A lot of phones cross my path every month. OK, often every week. Occasionally more than one a day. And that means they also at some point end up in my car. And in my car I have a head unit that supports Android Auto, which undeniably has made me a safer driver. (And Android Auto has the added bonus of having a much better user interface than the dumpster fire that came with my deck.)
But here's the thing: If there's a weak link for Android Auto, it comes when you actually plug the phone in. Because the various Android manufacturers do all sorts of nonsense to their phones, including what happens when you plug one in. And on occasion, Android Auto might not work at all. So let's chat about that. These are the phones I absolutely recommend with Android Auto.
Any recent Nexus phone
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This should come as no surprise, but Google's phones work best with Google's automotive initiative. I have never had an issue with the Nexus 6P. Or the Nexus 5X. Or the Nexus 6, back when I used it. (I can't remember if I tried the original Nexus 5.) If I had to recommend just one phone to use with Android Auto, it'd be one of those.
The problem comes when a manufacturer does pretty much anything that interferes with the connection process. Some phones (and these are a blessed few) turn into app installers once you plug in. Others just do something ... different ... and Android Auto isn't smart enough to compensate. (We'd argue that it shouldn't have to, but that's another thing for another day.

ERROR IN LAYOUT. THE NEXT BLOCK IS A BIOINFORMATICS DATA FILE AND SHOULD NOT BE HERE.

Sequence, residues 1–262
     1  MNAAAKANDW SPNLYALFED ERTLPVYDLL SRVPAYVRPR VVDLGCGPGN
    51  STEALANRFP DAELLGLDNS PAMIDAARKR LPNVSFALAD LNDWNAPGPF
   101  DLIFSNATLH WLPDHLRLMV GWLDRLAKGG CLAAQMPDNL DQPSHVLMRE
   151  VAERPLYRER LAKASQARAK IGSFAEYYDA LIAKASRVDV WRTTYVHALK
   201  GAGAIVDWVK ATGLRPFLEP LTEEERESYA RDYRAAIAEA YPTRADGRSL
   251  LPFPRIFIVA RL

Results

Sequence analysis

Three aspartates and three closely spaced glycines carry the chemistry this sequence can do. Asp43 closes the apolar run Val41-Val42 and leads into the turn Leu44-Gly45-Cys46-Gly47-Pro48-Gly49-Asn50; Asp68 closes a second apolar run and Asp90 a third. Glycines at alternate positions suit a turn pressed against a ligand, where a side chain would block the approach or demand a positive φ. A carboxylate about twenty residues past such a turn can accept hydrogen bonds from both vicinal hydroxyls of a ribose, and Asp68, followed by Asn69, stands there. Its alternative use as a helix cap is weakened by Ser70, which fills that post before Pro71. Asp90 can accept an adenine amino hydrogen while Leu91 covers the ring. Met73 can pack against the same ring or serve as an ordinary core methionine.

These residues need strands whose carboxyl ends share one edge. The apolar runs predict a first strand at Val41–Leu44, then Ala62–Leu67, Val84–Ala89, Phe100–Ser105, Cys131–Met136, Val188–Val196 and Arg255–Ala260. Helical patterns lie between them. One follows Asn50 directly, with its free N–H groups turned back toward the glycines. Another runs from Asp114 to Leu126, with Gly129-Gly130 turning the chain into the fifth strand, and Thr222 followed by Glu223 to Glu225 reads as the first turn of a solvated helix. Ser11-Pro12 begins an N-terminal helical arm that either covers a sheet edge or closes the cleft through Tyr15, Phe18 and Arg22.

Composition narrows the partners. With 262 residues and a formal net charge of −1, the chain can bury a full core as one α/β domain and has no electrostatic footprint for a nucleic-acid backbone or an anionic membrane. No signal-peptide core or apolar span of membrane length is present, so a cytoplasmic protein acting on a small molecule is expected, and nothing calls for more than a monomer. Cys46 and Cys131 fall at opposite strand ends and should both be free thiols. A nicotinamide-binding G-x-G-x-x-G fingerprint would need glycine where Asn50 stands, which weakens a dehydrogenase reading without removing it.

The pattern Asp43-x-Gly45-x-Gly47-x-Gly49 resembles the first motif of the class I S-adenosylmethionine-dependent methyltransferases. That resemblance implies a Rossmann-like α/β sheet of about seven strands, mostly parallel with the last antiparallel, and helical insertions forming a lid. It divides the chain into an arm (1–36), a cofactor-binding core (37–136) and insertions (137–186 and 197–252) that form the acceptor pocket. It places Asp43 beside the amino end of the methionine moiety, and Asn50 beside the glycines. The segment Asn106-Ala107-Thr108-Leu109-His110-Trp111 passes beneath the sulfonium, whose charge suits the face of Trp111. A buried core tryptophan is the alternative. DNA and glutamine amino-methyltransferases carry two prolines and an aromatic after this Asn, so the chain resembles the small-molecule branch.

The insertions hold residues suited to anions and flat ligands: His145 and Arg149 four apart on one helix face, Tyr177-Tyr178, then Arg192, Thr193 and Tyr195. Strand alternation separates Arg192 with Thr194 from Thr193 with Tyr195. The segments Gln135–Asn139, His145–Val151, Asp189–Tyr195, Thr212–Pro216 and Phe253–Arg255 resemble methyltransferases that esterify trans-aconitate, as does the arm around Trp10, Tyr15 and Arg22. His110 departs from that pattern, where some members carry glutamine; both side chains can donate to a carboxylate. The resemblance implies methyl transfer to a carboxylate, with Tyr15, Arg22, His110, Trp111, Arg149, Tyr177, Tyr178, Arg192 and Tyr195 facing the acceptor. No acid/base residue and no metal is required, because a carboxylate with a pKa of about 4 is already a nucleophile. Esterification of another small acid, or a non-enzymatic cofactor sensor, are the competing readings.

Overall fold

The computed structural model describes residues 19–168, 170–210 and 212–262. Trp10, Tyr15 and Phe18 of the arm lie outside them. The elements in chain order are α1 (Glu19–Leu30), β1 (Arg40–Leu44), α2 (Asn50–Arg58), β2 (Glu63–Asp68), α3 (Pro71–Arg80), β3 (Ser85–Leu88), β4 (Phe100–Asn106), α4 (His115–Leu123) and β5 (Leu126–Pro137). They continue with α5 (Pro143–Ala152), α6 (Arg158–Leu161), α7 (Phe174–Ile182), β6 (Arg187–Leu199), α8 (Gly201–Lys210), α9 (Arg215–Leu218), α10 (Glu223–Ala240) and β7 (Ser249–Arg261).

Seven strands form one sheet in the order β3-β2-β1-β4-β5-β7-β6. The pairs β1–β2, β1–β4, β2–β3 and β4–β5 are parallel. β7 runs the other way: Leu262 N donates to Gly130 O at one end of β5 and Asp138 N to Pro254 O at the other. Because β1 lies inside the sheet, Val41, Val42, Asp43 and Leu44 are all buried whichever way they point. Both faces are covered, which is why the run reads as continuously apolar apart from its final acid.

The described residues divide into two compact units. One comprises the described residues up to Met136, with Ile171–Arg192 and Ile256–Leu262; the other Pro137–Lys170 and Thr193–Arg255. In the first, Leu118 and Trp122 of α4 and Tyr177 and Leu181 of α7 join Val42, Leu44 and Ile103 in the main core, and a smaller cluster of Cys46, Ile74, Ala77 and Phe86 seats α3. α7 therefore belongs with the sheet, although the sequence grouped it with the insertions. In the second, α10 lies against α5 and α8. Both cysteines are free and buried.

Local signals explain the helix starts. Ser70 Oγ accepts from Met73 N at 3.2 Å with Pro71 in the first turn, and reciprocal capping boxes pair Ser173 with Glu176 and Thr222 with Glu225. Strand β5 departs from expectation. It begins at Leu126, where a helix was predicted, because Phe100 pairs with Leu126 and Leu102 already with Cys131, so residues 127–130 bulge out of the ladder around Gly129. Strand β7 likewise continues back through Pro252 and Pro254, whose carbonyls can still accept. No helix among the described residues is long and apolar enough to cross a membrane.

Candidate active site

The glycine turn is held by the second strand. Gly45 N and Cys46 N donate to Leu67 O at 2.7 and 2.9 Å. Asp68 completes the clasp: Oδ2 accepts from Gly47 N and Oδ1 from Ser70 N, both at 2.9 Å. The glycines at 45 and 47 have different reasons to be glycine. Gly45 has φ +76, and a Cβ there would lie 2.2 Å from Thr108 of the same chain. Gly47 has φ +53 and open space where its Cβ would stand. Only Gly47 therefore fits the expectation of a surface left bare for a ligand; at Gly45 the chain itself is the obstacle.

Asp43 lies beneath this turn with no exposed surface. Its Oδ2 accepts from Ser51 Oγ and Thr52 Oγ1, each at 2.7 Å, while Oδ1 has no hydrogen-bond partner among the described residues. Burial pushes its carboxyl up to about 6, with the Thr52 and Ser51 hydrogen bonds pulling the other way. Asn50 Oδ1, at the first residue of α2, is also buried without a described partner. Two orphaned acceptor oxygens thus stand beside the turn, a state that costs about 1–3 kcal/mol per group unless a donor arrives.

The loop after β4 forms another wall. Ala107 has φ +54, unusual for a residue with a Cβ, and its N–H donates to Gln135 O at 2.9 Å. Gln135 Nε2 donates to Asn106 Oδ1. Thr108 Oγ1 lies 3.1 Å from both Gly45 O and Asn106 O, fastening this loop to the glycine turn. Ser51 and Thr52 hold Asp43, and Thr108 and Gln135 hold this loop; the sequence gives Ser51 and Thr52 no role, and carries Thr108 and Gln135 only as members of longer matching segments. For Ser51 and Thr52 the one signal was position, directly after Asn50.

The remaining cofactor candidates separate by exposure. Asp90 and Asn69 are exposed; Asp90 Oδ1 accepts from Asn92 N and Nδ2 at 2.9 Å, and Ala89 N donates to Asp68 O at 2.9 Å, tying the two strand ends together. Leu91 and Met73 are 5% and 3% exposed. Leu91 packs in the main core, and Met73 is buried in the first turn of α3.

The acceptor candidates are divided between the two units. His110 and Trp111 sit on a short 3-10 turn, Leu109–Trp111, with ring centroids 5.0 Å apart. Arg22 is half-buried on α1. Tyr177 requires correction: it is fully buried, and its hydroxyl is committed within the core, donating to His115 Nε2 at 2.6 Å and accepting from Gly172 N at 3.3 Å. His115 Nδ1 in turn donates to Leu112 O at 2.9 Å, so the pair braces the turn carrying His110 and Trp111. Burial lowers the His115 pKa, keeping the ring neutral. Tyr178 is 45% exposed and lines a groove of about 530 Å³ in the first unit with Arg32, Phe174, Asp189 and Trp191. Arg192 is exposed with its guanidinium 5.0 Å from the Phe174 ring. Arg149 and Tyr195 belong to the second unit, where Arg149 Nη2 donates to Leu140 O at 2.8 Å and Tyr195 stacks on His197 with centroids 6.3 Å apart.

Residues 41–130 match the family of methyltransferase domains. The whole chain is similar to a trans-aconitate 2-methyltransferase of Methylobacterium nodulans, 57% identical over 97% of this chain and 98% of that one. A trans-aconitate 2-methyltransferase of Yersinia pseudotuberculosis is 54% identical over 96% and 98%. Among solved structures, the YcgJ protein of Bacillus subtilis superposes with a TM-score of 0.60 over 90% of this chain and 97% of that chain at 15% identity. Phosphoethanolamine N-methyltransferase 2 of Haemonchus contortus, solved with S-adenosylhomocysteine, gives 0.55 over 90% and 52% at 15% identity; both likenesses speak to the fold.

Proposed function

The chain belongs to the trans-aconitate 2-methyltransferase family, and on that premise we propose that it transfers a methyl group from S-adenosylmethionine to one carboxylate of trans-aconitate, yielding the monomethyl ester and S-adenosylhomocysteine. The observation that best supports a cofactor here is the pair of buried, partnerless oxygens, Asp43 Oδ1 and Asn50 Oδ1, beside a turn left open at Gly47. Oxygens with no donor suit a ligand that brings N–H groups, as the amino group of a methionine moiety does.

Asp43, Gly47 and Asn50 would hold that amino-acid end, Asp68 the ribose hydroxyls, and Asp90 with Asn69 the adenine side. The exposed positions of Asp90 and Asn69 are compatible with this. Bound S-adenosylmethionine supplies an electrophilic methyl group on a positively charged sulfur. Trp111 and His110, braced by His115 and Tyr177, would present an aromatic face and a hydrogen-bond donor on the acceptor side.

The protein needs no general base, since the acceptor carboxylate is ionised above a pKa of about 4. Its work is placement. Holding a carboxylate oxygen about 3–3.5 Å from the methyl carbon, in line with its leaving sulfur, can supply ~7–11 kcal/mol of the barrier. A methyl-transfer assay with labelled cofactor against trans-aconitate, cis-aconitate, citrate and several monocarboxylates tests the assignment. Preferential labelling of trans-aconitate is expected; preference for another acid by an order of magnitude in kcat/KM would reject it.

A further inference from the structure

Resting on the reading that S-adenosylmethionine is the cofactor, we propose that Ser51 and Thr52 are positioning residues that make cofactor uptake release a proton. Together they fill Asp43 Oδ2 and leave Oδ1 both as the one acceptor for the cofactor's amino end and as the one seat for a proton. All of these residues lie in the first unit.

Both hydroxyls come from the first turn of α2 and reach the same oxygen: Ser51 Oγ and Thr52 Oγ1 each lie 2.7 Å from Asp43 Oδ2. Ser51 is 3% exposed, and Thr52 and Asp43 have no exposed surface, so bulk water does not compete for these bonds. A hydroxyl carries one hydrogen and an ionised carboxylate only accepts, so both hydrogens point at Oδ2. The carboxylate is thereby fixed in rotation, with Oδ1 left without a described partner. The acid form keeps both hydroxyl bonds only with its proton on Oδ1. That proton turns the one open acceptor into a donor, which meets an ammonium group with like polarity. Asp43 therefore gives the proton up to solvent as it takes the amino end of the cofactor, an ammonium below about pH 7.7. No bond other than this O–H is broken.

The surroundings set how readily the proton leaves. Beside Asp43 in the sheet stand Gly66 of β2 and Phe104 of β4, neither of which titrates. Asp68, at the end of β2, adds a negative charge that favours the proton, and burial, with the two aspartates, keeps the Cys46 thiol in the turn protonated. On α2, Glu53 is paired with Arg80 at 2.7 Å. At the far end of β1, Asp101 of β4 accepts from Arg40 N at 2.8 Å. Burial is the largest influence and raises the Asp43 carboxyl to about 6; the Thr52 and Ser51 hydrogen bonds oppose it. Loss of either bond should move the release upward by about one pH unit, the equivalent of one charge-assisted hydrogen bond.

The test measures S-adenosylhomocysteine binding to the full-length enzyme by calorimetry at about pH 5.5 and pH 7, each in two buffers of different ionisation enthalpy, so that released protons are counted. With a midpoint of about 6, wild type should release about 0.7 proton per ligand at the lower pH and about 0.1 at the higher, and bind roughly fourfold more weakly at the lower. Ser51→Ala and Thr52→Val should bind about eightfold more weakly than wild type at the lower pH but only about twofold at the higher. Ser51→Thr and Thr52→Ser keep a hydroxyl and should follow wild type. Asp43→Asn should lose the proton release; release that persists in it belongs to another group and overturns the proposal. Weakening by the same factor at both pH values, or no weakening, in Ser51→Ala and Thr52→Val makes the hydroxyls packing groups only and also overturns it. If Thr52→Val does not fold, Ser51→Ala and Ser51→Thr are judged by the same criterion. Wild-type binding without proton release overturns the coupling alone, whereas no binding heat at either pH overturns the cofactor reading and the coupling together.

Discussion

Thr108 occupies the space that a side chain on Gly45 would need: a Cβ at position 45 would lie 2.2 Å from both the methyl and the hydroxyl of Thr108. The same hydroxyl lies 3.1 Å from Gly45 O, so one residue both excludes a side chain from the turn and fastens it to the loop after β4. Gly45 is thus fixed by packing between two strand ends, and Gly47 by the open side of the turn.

So if you want a phone that absolutely will work with Android Auto, get a Nexus. (Double points if you get a gold Nexus.
If not Nexus, look for something 'stock-ish'
This one's sort of a crapshoot. But we've generally found that phones that keep things as close to "stock" as possible do pretty well. That's usually meant Motorola's phones. (There have been exceptions though.) HTC has done pretty well, too. Beyond that it's been a little hit and miss.
And just because something looks "stock" doesn't mean there won't be some wonkiness going on under the hood. But at the same time, we've had phones like the Huawei P9 — something you can't even buy in the United States — work great. Go figure.
If you're just dying to know whether a phone works with Android Auto, you should check out our AA forums. I post every phone I test in there, and if I haven't tried it there's a chance someone else has.
What about Samsung's Galaxy phones?
Samsung sells more Android phones than anyone. They're also more customized than just about anything out there. There's good and bad news here. Take the Galaxy S7, for example. There are folks who have used it without issue. And then there are those of us who have never gotten the GS7 to work. Maybe it's a software issue. Maybe there's something inherent about the GS7 that doesn't like the cable I'm using. I don't know.
But I do know that there are 31 separate versions of the Galaxy S7 (worldwide). Some work. And some don't. Again, I'll point you to the forums.
We'll update this post if and when something new and exciting comes our way. Stay tuned!
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